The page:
American Express and Morgan Harjes comparison in a novel

bgmbrkmn

New Member
Turkish
“Are you going to write to me, a lot?”
“Fourteen Place Vendôme, every day.”
“How did you know?”
Oh, you’re a Morgan, Harjes girl, as distinguished from an American Express girl. I’ll write every day and cable every week-end. And what will I get for it? A postcard that I’d be ashamed to show to my own mother and a scarf from Liberty’s and maybe a Dunhill lighter.”



This is from John O'Hara's novel, Appointment in Samarra. We are working on its Turkish translation and couldn't figure out the words in bold. We know that Morgan, Harjes & Co. of the 1920s became the bank we know as JP Morgan today, but this doesn't help us understand the comparison made in this sentence. Does it refer to a distinction in social or economic status in the 1920s-30s? If so, which of these banks served to the upper-crust? Or is the author making an entirely different comparison between the two?

Thanks in advance...
 
  • PaulQ

    Banned
    UK
    English - England
    This is not really a matter of language, but one of culture or history. The language effect only comes into play by the use of business names to describe a person.

    Morgan, Harjes & Co.
    dealt with governments at the highest level on matters of great significance; American Express dealt with the recently rich and their purchases of day-to-day items.

    “Oh, you’re a girl from a background that is capable of dealing impressively with serious matters in the long-term, as distinguished from a girl who is simply interested in the trivia of day-to-day life.

     

    bgmbrkmn

    New Member
    Turkish
    This is not really a matter of language, but one of culture or history. The language effect only comes into play by the use of business names to describe a person.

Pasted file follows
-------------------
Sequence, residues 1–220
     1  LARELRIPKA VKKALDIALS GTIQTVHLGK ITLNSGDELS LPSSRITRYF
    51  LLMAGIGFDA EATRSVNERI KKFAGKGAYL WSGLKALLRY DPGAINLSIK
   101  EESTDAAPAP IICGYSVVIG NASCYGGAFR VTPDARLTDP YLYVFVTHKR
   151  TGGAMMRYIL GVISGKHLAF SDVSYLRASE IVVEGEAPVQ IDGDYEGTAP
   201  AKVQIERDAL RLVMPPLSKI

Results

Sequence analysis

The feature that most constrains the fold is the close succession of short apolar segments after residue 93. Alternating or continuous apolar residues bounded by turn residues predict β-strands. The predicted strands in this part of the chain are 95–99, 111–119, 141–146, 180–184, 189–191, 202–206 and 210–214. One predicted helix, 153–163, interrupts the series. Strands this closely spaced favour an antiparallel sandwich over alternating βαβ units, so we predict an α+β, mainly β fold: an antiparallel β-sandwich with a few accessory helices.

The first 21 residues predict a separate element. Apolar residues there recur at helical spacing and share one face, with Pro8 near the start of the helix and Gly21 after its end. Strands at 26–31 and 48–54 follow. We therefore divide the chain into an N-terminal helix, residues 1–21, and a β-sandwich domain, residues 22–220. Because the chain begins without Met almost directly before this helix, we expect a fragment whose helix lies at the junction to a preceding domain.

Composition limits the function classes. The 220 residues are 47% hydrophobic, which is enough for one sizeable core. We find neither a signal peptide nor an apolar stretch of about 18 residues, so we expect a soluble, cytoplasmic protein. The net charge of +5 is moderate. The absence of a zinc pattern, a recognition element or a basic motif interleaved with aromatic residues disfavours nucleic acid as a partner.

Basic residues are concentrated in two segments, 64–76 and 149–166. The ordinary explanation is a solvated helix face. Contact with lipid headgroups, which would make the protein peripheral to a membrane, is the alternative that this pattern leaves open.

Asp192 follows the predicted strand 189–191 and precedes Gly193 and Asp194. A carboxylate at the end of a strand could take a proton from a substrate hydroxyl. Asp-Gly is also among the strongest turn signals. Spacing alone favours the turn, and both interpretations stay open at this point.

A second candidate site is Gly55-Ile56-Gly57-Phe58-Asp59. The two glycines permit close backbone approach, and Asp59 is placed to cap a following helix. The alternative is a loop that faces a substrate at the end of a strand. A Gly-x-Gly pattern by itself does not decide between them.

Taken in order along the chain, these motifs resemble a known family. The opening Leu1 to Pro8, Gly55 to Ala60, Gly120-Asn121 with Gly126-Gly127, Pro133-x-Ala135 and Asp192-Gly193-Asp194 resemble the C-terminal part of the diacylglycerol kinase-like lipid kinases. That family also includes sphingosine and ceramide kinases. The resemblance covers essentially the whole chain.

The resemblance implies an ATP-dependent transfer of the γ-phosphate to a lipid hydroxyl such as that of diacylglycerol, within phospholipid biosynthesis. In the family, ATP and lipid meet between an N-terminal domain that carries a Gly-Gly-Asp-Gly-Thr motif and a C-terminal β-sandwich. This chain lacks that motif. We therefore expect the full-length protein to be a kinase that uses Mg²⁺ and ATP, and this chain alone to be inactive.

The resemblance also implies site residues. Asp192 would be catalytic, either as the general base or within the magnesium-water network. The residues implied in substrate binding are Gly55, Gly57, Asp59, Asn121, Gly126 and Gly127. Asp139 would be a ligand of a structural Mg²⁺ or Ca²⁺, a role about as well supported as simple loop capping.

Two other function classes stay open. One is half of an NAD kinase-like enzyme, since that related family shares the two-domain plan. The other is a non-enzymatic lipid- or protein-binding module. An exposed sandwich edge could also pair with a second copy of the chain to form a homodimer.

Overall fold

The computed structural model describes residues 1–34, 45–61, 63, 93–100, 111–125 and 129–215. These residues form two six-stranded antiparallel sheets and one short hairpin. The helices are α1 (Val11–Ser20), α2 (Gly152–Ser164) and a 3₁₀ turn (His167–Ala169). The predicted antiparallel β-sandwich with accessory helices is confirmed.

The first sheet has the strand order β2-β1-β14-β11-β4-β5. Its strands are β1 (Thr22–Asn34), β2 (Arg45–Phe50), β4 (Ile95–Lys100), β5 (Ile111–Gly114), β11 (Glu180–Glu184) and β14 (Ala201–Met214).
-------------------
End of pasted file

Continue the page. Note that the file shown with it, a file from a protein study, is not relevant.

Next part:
Morgan, Harjes & Co.
    dealt with governments at the highest level on matters of great significance; American Express dealt with the recently rich and their purchases of day-to-day items.

    “Oh, you’re a girl from a background that is capable of dealing impressively with serious matters in the long-term, as distinguished from a girl who is simply interested in the trivia of day-to-day life.
    When translating, such uses become crucial to convey the right meaning. We will have to explain the context in a footnote for the Turkish readership and your answer clarifies it a lot. Thank you so much!
     

    PaulQ

    Banned
    UK
    English - England
    In England we might say
    "She is a Cambridge [Univeristy] girl, not a Derby University girl" as Cambridge University is synonymous with the highest standards and Derby University with a significantly lower standard.

    And, in a Turkish context: "She is a Sabanci University girl, not a Pamukkale University girl."
     

    bgmbrkmn

    New Member
    Turkish
    In England we might say
    "She is a Cambridge [Univeristy] girl, not a Derby University girl" as Cambridge University is synonymous with the highest standards and Derby University with a significantly lower standard.

    And, in a Turkish context: "She is a Sabanci University girl, not a Pamukkale University girl."
    Thank you, sir, for this incredibly illuminating answer. You made our day =))
     
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